There’s no way to sugar coat it: SIDS is truly is a parent’s worst nightmare.
I remember worrying to the point where I woke up several times a night to check on my son while he was sleeping. I was exhausting myself, and finally I had to sit down and come to terms with my fear. It is scary, but I realized I was doing everything I could to create a safe environment so the rest was out of my hands. I had to let it go.
My advice to parents is to do the same. Take the steps that we know can help prevent this terrible tragedy, and then get on with your life and enjoy your time with your new baby instead of being consumed by fear.
What is SIDS?
SIDS, or Sudden Infant Death Syndrome, is the unexplained death of a seemingly healthy infant (usually between 1 and 6 months) during sleep with no medical explanation. SIDS is rare, so when fear is taking over, remind yourself of this fact. Approximately 2500 infants die of SIDS every year in the US, but keep in mind that there are over four million babies born in the US in a year. Death rates have dropped by almost half since the Back to Sleep Campaign was launched in 1994 to inform parents of the importance of infants sleeping on their backs.
Many risk factors have been pinpointed, and fortunately there are things you can do to significantly reduce the chances of SIDS.
Have a healthy pregnancy. One of the risks can be premature birth and low birth weight, and while these are not always preventable, eating a healthy diet and getting good prenatal care can help.
Don’t allow smoking around your baby. One of the most significant risk factors for SIDS is exposure to cigarette smoke both before and after birth. Studies have shown that when babies breathe cigarette smoke, their risk of SIDS doubles.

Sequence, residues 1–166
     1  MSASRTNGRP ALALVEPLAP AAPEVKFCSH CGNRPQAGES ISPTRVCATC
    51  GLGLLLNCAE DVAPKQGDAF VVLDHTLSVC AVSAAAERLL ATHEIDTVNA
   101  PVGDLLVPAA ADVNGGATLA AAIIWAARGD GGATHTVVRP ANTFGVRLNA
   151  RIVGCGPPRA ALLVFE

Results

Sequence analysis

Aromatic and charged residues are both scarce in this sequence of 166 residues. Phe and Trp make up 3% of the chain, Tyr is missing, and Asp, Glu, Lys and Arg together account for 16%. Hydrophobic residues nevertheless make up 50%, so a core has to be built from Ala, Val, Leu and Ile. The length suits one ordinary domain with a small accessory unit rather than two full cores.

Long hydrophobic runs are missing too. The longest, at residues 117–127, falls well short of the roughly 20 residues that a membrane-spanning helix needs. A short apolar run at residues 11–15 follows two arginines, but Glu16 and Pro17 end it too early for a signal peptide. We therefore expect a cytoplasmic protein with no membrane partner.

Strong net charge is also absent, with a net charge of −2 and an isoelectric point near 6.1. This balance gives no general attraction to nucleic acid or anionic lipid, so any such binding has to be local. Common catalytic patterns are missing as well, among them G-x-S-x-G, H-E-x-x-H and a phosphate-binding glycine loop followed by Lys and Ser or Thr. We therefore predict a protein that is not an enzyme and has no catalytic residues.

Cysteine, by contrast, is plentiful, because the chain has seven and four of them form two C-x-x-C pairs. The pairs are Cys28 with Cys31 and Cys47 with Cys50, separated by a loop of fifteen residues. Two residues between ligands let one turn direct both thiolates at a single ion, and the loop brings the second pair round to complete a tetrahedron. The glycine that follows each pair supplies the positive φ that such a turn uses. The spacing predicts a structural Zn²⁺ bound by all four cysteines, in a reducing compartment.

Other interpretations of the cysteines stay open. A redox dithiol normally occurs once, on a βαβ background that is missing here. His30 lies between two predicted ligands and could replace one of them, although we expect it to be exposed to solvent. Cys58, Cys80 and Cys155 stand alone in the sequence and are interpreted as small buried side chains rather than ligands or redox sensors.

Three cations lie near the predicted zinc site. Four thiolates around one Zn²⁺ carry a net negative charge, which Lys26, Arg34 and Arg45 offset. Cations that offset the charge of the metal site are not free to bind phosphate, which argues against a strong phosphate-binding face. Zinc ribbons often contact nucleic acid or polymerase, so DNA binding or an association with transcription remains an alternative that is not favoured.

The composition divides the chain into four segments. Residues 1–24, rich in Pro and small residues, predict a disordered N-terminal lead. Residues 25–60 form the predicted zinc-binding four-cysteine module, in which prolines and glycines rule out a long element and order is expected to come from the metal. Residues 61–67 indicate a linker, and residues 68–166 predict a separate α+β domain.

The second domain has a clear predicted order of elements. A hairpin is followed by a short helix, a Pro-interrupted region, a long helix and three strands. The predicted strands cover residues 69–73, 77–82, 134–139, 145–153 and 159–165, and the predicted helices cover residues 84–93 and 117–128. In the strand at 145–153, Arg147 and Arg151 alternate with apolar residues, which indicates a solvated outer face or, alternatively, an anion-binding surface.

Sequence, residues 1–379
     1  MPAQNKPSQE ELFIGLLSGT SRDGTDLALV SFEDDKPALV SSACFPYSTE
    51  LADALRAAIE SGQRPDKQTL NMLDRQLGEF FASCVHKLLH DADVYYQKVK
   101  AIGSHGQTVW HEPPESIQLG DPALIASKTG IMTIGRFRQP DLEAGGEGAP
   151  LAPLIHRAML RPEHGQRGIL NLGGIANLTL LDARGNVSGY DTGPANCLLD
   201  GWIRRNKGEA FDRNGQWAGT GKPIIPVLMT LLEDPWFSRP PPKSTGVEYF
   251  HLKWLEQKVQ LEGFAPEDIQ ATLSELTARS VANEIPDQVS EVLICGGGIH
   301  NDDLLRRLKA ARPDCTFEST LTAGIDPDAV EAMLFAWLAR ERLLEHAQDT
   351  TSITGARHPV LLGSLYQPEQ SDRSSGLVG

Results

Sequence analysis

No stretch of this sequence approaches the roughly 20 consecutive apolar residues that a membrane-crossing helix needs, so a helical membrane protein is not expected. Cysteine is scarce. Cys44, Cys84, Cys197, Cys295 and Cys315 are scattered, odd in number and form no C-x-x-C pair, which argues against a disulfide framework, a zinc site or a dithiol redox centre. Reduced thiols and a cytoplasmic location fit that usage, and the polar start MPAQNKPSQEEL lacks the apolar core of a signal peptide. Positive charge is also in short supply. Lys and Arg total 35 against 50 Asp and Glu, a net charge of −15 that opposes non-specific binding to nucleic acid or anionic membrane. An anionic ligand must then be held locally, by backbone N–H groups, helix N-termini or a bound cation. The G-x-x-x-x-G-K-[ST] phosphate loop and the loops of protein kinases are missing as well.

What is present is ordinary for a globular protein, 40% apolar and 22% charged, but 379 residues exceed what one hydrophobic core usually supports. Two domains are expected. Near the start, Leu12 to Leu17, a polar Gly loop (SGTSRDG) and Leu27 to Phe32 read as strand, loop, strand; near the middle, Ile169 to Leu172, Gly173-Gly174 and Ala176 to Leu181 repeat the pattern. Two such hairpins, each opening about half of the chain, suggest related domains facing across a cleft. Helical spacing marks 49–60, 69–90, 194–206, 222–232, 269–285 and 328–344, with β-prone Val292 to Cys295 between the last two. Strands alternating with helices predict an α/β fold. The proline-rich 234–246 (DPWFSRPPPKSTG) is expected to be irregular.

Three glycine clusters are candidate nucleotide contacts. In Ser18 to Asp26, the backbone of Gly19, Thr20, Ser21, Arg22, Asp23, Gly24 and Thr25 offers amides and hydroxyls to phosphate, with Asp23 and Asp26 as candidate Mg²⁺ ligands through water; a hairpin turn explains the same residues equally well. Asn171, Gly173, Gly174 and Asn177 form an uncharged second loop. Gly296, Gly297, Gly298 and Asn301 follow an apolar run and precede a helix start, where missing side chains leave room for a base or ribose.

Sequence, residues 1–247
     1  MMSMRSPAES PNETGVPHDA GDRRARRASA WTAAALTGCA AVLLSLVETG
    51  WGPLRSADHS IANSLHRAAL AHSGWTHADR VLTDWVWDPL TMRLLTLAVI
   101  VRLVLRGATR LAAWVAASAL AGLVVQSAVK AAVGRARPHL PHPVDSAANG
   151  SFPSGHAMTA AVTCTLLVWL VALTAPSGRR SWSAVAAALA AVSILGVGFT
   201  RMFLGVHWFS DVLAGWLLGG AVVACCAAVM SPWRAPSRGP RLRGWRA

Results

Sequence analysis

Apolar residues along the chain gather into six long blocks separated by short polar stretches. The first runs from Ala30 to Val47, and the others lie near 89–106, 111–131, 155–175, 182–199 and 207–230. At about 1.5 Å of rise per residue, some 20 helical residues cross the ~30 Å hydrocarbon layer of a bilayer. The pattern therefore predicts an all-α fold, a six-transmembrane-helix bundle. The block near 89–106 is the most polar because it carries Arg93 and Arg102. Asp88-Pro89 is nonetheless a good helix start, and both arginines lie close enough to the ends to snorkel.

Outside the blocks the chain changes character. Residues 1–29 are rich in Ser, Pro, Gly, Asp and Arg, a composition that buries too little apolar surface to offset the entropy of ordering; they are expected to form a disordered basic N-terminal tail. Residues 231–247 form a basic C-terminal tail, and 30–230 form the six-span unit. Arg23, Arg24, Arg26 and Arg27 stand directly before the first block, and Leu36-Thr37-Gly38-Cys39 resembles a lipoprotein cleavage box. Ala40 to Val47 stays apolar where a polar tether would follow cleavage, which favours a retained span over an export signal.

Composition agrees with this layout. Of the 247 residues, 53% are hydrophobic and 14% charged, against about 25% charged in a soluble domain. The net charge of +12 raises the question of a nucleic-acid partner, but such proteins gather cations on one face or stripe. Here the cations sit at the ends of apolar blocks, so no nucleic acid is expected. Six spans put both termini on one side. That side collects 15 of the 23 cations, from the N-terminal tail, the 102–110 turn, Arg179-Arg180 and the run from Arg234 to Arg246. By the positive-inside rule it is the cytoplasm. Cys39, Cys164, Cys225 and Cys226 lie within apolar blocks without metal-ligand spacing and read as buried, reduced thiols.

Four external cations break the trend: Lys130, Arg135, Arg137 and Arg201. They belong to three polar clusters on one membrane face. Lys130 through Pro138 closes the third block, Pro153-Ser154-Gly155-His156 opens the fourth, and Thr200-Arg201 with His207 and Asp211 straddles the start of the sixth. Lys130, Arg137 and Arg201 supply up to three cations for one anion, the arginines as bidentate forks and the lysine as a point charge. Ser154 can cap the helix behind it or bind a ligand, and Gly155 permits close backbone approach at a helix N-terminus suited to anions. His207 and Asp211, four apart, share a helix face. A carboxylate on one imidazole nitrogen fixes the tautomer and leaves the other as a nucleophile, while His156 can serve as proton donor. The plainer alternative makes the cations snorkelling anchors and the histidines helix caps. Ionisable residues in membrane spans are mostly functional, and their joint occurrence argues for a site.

Put your baby to sleep on his back. This is extremely important, as researchers have discovered that this cuts the risk by almost 50%.
Breastfeed your baby if you can. Although researchers aren’t sure why, SIDS rates tend to be lower in breastfed babies.
Provide a safe sleeping environment. Avoid putting your baby to sleep on soft surfaces he can sink into such as beanbags, soft bedding, or couches.
Does co-sleeping increase the risk?
There has been a lot of controversy about whether babies who sleep in bed with their parents are at greater risk of SIDS. Experts are divided on the subject, with some claiming the risk is up to five times higher with co-sleeping, and others claiming the opposite is true, and that in fact babies are safer sleeping with their parents.
After co-sleeping with my baby for the first four months of his life, I believe the safest and best sleeping area for your baby is in his or her own crib or bassinet. I believe this is best in order to encourage great sleep skills, set up healthy sleeping habits, and for baby to get the best night’s sleep. When I made the transition from co-sleeping to having my baby in his own separate, but nearby bed, he slept better immediately. I realized that much of his night-waking was because he was constantly disturbed by me moving around. I also slept better. Studies show that all humans sleep better and go into deeper sleep when they are alone in a bed.
In truth, so many parents reach out to me complaining that they are stressed and exhausted from co-sleeping, but that they feel obligated to do it because they have been taught that it is the only way to practice good attachment skills. You don’t have to suffer. Your relationship with your baby will become even more loving and close once you are not sleep deprived. Your baby will be happier and less cranky every day following a night of great sleep! Sleep works wonders for parents and children.
If you do plan to co-sleep, please make sure you do it properly. Avoid having blankets and soft pillows around your baby and make sure you never sleep with your baby when you’ve been using drugs or alcohol. There are many resources and groups that encourage safe co-sleeping, so reach out and see how other parents are doing it, and stay safe.
Take these preventative steps, and try to keep in mind that SIDS is very rare, so you can relax, enjoy parenthood and get some worry-free sleep at night!
Kim Rogers, M.A., is a certified infant and child sleep consultant. She has additional training in infant mental health from the hospital for sick children and maternal mental health from postpartum support international. Kim works with families in a one-on-one, highly supportive way to help them get the sleep they need.